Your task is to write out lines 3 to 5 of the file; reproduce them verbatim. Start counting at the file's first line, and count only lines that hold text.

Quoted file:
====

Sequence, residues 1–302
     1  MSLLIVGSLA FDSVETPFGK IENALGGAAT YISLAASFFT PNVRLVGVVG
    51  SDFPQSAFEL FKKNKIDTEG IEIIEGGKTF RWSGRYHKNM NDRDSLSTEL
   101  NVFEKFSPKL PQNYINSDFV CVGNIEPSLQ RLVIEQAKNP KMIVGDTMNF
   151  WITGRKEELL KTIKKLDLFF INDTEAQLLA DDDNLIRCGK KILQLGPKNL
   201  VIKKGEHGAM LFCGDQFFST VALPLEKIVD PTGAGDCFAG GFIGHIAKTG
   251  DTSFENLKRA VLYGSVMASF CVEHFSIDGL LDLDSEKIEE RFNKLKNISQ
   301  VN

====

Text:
    51  SDFPQSAFEL FKKNKIDTEG IEIIEGGKTF RWSGRYHKNM NDRDSLSTEL
   101  NVFEKFSPKL PQNYINSDFV CVGNIEPSLQ RLVIEQAKNP KMIVGDTMNF
   151  WITGRKEELL KTIKKLDLFF INDTEAQLLA DDDNLIRCGK KILQLGPKNL